Generally, when a prominent athlete signs a 1-day contract before retiring, they do it for one of two reasons: to retire with the team with which they were most dominant, or to retire as a member of their hometown team. For example, chances are, LeBron James will retire a Cleveland Cavalier even if he plays with another team before his career is over, and there’s no chance Dirk Nowitzki leaves as a member of any team not named the Dallas Mavericks.
So it’s understandable why Amar’e Stoudemire‘s decision to retire as a New York Knick earlier this week was befuddling, to say the least. Not only is New York not the 6-time All-Star’s hometown–he was born and raised in Florida–but of the 5 years Amar’e spent in New York, only one of them were dominant. It was the 8 seasons he spent as a member of the run-and-gun Phoenix Suns that had many believing that Amar’e could shape up to be one of the best power forwards in the history of the game. It was with the Suns, who drafted Amar’e straight out of high school, that Stoudemire changed the way the league even looks at the power forward position.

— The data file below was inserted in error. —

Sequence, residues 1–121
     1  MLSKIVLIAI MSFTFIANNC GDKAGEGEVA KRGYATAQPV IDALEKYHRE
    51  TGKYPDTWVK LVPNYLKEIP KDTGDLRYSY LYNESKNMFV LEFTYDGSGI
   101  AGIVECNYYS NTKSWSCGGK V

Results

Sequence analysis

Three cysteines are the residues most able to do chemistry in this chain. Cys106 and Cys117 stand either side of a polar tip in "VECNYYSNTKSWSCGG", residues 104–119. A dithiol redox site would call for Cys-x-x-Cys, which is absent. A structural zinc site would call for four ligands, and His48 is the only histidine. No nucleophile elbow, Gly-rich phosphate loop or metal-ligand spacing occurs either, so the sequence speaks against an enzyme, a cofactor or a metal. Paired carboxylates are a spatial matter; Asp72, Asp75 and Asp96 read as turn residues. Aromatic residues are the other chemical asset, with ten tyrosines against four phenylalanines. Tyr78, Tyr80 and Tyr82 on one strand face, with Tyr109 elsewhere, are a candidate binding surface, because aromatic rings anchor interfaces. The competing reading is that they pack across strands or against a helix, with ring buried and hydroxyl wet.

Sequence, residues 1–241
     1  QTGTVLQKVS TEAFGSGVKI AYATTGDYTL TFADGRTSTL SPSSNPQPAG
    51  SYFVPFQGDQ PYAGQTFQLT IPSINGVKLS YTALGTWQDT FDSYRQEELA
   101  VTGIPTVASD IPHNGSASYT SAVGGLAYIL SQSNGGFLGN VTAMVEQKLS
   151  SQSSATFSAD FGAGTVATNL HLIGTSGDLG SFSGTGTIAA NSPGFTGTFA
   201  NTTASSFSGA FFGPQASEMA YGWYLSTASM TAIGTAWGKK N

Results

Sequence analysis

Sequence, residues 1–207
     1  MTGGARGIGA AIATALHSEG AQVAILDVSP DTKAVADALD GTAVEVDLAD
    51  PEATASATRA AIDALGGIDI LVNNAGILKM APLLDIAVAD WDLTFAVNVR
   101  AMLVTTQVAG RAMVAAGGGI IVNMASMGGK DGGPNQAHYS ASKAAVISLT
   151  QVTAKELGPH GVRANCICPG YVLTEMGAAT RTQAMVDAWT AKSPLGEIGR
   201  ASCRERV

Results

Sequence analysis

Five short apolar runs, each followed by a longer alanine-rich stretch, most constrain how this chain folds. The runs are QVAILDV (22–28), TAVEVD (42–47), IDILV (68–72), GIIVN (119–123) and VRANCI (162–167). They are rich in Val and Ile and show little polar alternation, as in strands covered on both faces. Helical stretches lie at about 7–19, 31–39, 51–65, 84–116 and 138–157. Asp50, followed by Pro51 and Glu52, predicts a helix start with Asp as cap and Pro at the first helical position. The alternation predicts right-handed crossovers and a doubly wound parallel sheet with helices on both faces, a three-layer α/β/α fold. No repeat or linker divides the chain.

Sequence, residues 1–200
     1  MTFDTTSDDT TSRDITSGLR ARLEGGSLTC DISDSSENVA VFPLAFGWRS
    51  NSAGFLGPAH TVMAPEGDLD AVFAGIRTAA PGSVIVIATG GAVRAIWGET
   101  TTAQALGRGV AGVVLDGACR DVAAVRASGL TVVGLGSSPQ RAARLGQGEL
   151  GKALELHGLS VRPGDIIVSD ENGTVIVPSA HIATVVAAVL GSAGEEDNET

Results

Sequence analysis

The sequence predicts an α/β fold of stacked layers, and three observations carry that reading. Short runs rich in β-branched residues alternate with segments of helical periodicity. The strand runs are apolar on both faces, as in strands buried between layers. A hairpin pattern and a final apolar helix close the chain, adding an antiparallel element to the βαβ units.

So, why retire a Knick? After all, New York was where Amar’e, for the first time in his career, saw his star-power plummet due to injury. To the point where the team bought out his contract, waived him, and let him walk to the Dallas Mavericks for nothing in return. According to Amar’e, he actually tried to retire a Sun. But Phoenix had other ideas. Here’s what Amar’e told azcentral sports.
The last two years, we made phone calls to Phoenix, but I wasn’t getting any positive response. That would’ve been the perfect way to go out. I didn’t want to beg Phoenix. My heart was in two places—Phoenix and New York. I just went where I was wanted. I wasn’t just going to keep knocking on someone’s door that wasn’t going to answer. I love my fans in Phoenix. Most of my high times and highlights were in Phoenix. I put forth the effort to finish my career in Phoenix but it wasn’t well-received.